Love Manhattan? Then You’ll Love Yujiapu
Ah the dream of creating a perfect city–include the best, leave the rest and all you have is perfect living conditions. History is dotted with success stories: Brasilia, Arcosanti, Celebration, Florida–places that testify that making a great place to live is really a matter of connecting dots and constructing a few buildings.
Aforementioned examples notwithstanding, it’s actually tough to make a city from scratch (who’d a’thunk?). Most successful cities get that way because: 1. they are blessed with great geography (NYC, Singapore, Hong Kong, etc); 2. they evolve over time, adapting to their populations’ and eras’ particular needs; and 3. their evolution has created cultural and aesthetic diversity that makes them resilient and interesting.
But don’t let the difficulty of city-building make you think people ain’t gonna try to do it. They do and they are.
Yujiapu Financial District is one such example. It’s a city being built from scratch in China. It is being made in the likeness of Manhattan, replete with its own Rockefeller Center and One World Trade Center knockoffs. It even has a couple big NYC real estate heavyweights like Tishman Speyer and Rose Rock Group helping construction along. Located about 2.5 hours southeast of Beijing and built on a marshy former fishing village, the city is meant as a high-density haven of global finance, littered with skyscrapers placed along gridded streets…just like Manhattan.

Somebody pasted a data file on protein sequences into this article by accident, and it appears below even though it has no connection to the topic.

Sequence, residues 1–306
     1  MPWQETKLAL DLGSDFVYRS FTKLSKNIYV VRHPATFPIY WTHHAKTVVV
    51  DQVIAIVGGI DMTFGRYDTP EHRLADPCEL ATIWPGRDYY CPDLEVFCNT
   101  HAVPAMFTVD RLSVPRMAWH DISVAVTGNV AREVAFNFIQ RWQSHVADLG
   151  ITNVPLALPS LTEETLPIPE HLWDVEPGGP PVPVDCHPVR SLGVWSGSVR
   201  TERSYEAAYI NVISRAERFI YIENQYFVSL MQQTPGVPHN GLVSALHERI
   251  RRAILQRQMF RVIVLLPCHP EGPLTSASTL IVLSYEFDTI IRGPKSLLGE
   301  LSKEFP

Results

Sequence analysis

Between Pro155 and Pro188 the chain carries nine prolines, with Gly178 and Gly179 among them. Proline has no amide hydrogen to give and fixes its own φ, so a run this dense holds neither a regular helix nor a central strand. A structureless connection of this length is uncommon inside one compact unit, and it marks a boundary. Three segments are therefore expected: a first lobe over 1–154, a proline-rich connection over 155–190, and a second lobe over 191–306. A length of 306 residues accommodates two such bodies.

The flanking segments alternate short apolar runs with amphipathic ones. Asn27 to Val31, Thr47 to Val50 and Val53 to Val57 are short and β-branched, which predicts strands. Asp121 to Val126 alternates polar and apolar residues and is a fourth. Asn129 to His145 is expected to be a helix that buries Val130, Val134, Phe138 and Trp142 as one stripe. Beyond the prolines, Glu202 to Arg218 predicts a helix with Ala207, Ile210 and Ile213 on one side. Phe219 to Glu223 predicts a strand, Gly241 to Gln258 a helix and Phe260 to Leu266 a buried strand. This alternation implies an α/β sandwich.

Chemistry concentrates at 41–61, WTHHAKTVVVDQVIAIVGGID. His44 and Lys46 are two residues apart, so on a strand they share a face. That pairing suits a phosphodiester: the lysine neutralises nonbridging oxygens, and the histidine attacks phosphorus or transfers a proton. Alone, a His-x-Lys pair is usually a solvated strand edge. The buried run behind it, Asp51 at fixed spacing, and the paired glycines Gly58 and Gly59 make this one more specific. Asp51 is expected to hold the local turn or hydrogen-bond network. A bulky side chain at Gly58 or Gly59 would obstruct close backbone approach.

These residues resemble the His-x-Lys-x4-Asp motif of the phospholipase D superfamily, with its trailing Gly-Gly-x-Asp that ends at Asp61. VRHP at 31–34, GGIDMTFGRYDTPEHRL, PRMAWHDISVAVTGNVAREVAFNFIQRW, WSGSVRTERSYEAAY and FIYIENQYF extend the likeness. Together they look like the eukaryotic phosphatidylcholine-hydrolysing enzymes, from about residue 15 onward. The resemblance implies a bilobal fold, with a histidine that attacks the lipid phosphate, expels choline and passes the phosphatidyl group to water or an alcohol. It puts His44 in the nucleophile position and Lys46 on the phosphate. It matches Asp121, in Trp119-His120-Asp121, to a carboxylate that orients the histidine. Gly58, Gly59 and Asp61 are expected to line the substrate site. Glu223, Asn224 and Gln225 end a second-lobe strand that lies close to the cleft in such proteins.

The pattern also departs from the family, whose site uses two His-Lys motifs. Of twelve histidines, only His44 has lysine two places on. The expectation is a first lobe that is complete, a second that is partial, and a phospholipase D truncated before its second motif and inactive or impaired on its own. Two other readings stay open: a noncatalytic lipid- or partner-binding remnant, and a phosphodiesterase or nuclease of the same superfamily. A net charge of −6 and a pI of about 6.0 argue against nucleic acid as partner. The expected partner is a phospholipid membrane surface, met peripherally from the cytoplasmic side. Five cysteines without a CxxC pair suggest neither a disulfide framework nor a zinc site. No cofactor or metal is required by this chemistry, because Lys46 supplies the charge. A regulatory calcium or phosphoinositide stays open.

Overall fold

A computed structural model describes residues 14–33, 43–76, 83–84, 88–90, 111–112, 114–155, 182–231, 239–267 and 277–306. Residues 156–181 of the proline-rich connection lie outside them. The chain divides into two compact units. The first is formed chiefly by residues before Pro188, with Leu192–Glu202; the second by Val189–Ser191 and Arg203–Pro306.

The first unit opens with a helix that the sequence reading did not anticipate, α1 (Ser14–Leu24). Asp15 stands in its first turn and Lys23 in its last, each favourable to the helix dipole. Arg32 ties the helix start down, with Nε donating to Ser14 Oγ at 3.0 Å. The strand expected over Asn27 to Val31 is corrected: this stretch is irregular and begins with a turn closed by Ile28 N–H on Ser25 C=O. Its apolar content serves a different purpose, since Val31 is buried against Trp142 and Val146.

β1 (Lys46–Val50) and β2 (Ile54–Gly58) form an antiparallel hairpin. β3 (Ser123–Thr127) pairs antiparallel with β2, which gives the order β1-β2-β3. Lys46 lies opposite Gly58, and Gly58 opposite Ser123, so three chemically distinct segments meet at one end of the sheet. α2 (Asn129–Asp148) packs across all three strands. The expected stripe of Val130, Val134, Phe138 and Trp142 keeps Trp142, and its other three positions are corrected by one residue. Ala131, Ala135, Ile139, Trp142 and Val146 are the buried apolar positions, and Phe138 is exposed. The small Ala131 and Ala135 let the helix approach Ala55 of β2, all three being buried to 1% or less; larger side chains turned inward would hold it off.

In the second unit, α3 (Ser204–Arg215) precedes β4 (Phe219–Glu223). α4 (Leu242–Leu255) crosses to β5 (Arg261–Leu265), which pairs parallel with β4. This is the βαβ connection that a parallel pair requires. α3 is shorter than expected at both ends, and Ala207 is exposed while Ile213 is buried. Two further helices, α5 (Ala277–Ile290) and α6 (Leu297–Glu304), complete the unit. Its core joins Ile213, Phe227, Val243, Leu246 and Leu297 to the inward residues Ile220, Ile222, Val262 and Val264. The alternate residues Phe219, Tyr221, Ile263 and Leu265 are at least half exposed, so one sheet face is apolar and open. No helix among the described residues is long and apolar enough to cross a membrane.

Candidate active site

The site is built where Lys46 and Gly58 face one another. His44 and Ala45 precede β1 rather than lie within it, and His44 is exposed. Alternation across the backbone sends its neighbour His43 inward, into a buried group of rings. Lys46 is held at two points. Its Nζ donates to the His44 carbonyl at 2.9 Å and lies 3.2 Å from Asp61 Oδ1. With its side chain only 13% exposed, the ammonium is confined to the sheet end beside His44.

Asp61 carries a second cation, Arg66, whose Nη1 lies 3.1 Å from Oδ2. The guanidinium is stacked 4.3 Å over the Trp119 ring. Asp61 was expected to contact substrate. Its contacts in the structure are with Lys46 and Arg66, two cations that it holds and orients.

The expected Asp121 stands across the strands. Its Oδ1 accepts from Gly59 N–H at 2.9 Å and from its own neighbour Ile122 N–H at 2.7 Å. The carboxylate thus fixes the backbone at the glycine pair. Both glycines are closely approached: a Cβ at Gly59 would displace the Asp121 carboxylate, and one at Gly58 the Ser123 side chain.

Unlike Manhattan, a city whose modern incarnation started with a small Dutch Settlement 400 years ago, Yujiapu began construction in 2008. Yujiapu’s first building opened two years later and completion is expected for 2019. Also unlike Manhattan, who boasts a population of about 1.7M people, Yujiapu is virtually deserted. And the chances of changing that and replicating Manhattan’s hustle and bustle aren’t looking good.
The city was conceived in the heyday of China’s economic boom. In particular, Yujiapu is near to Tianjin, China’s fourth largest city, whose economy seemed unstoppable ten years ago. But as China and Tianjin’s economy slowed (the latter experiencing a 7% decrease in economic growth in last four years alone), new construction, fueled by hopes of ceaseless economic growth and massive amounts of debt, no longer had occupants. Now buildings like the Country Garden Phoenix Hotel (pictured below), designed to be Asia’s largest, sit fallow along Yujiapu’s untravelled streets.
We at LifeEdited love our cities. We love walking and biking everywhere. We love the serendipitous encounters that seems to happen all the time along city streets. But making a great city, so far as we can tell, is not a paint-by-numbers proposition. It’s a mutual evolution of planning, place and population. Though it would seem to lack most of those things, we wish Yujiapu well–mostly because that’s a lot of resources for something that might not be used.